• continued: It is a distribution that describes the electrons probable path at the given energy level. One needs the mathematical tools to get an understanding of the situation, words are inadequate. – anna v Dec 19 '11 at 10:22
• @annav your explanations were fantastic. Thank you! – Dexters Jan 16 '15 at 4:17

With no friction the angular momentum of the electrons is preserved, just like planets orbits their stars with very very little (general-relativistic) losses.

• To describe elementary particles, classical mechanics is not enough. One needs quantum mechanics, and a lot of study to get what is really going on in the microcosm of the atom. en.wikipedia.org/wiki/Atom – – anna v Jan 8 '13 at 7:35
• No. The difference to planets is that the electron has charge. If it was orbiting around the nucleus in the classical sense, it would be an accelerated charge and as such would radiate energy in the form of electromagnetic waves. Losing energy like that it would very quickly fall into the nucleus. In fact that is one of the reasons physicists came up with quantum mechanics. – user1583209 Dec 9 '16 at 0:54

Before I give you my answer, here are a few other answers that will give you some insight:

Why do electrons occupy the space around nuclei, and not collide with them?

What prevents an atom's electrons from "collapsing" onto its protons?

Why don't electrons crash into the nuclei they "orbit"?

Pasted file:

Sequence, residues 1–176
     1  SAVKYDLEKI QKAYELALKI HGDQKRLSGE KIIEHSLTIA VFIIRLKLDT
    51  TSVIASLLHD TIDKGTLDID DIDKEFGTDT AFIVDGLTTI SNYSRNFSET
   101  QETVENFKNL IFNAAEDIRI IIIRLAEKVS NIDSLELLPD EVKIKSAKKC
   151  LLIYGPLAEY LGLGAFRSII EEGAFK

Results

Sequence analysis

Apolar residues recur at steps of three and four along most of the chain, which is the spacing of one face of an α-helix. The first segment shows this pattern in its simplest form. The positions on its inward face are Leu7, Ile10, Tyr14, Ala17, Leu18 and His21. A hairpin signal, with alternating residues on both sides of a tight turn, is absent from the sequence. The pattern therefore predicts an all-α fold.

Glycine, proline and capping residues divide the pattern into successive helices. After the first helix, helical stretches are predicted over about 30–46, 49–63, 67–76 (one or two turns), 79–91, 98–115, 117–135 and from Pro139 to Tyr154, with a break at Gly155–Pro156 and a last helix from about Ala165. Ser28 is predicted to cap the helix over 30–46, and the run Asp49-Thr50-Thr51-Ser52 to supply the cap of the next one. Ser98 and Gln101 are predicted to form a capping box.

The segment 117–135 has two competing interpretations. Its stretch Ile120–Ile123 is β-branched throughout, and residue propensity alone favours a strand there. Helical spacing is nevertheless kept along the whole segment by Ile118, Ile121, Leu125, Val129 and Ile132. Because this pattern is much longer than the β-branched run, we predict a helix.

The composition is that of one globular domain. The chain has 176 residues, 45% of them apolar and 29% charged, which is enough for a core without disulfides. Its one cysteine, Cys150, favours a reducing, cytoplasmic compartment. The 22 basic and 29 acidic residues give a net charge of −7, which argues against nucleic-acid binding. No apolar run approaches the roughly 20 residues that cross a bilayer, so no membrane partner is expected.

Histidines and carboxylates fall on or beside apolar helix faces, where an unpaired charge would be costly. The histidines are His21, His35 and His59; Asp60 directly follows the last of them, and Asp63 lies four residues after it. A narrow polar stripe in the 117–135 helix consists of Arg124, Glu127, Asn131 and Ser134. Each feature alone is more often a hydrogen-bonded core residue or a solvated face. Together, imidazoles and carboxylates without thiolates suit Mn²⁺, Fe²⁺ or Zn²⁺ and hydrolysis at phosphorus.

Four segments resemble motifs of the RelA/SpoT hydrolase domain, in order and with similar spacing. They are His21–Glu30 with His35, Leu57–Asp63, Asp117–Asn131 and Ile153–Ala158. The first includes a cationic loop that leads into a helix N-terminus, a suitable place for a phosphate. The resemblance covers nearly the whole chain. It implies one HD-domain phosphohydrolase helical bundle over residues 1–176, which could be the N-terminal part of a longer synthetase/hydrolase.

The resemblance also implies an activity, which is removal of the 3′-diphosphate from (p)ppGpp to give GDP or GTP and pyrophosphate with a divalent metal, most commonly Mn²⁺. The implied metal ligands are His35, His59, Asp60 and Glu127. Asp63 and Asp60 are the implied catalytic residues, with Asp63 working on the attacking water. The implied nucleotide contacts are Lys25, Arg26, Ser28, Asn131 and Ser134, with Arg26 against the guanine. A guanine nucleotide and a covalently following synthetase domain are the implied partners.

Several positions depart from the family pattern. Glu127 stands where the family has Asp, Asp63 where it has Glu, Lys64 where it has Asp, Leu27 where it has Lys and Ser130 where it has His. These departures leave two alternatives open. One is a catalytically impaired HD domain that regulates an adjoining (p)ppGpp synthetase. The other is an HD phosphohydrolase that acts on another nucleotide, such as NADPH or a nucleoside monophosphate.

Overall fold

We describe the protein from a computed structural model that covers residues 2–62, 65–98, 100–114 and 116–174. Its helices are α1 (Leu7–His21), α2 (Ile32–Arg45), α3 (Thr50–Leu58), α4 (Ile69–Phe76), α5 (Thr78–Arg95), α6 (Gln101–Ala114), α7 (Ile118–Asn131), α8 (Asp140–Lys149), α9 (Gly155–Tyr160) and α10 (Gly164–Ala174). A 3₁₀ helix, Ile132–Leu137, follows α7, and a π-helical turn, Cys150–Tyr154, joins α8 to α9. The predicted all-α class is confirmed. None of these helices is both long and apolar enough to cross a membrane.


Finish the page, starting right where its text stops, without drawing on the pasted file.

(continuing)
How does quantum mechanics explain stability of electron orbitals?

Where did Schrödinger solve the radiating problem of Bohr's model?

Quantum mechanics,and how the law $ΔxΔp≥ℏ/2$ explains the paradox regarding atoms

How does an electron move around in an orbital? Is it "wave-like" or random?

These answers all have some pieces of answers to your question, but they do not explicitly give you a very understandable simple answer.

I am going to try to explain this to you with my own words, but pieces of these ideas also might appear in the other answers.

I am NOT trying to copy or cite anything pretending it would be my own discovery (I had been warned in the past). All of these ideas have already been addressed on this site, but only pieces of it are together. But I believe that the specific answer to your question needs to be addressed fully in one simple understandable answer.

OK I will try to give you a very easy to understand way with my very simplistic words:

1. Anna V is of course right that

"conservation of energy holds also in the quantum states. The electron around the nucleus is in a quantized energy level and can change it only if an external interaction intervenes."

I believe that you are asking whether what is it (what effect or what force) that holds the electron in this "quantized energy level".

1. "the electron is constantly interacting with the nucleus via "virtual particles/photons" and the opposite electric charge of the nucleus creates a force that attracts the electron towards the nucleus."